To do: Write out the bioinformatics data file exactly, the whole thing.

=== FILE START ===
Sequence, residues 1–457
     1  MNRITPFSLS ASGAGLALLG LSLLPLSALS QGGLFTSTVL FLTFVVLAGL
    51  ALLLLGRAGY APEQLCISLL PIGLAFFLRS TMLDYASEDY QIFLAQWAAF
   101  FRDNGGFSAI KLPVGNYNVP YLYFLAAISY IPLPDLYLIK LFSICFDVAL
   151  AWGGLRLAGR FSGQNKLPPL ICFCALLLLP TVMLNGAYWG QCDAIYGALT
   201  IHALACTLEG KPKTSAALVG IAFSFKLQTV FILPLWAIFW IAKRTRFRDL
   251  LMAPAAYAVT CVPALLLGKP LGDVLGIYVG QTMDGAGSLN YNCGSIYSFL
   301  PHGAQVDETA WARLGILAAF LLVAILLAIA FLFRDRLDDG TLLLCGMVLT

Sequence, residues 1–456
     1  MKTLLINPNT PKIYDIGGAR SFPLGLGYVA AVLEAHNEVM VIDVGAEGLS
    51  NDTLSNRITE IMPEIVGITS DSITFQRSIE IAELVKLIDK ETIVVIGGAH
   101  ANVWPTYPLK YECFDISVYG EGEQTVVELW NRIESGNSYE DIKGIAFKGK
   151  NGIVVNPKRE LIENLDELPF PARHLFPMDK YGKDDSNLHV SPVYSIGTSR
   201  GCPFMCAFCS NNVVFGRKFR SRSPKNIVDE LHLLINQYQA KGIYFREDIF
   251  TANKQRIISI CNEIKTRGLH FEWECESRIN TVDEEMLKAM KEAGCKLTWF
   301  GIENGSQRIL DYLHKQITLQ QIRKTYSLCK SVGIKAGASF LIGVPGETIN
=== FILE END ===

Sequence, residues 1–457
     1  MNRITPFSLS ASGAGLALLG LSLLPLSALS QGGLFTSTVL FLTFVVLAGL
    51  ALLLLGRAGY APEQLCISLL PIGLAFFLRS TMLDYASEDY QIFLAQWAAF
   101  FRDNGGFSAI KLPVGNYNVP YLYFLAAISY IPLPDLYLIK LFSICFDVAL
   151  AWGGLRLAGR FSGQNKLPPL ICFCALLLLP TVMLNGAYWG QCDAIYGALT
   201  IHALACTLEG KPKTSAALVG IAFSFKLQTV FILPLWAIFW IAKRTRFRDL
   251  LMAPAAYAVT CVPALLLGKP LGDVLGIYVG QTMDGAGSLN YNCGSIYSFL
   301  PHGAQVDETA WARLGILAAF LLVAILLAIA FLFRDRLDDG TLLLCGMVLT

Sequence, residues 1–456
     1  MKTLLINPNT PKIYDIGGAR SFPLGLGYVA AVLEAHNEVM VIDVGAEGLS
    51  NDTLSNRITE IMPEIVGITS DSITFQRSIE IAELVKLIDK ETIVVIGGAH
   101  ANVWPTYPLK YECFDISVYG EGEQTVVELW NRIESGNSYE DIKGIAFKGK
   151  NGIVVNPKRE LIENLDELPF PARHLFPMDK YGKDDSNLHV SPVYSIGTSR
   201  GCPFMCAFCS NNVVFGRKFR SRSPKNIVDE LHLLINQYQA KGIYFREDIF
   251  TANKQRIISI CNEIKTRGLH FEWECESRIN TVDEEMLKAM KEAGCKLTWF
   301  GIENGSQRIL DYLHKQITLQ QIRKTYSLCK SVGIKAGASF LIGVPGETIN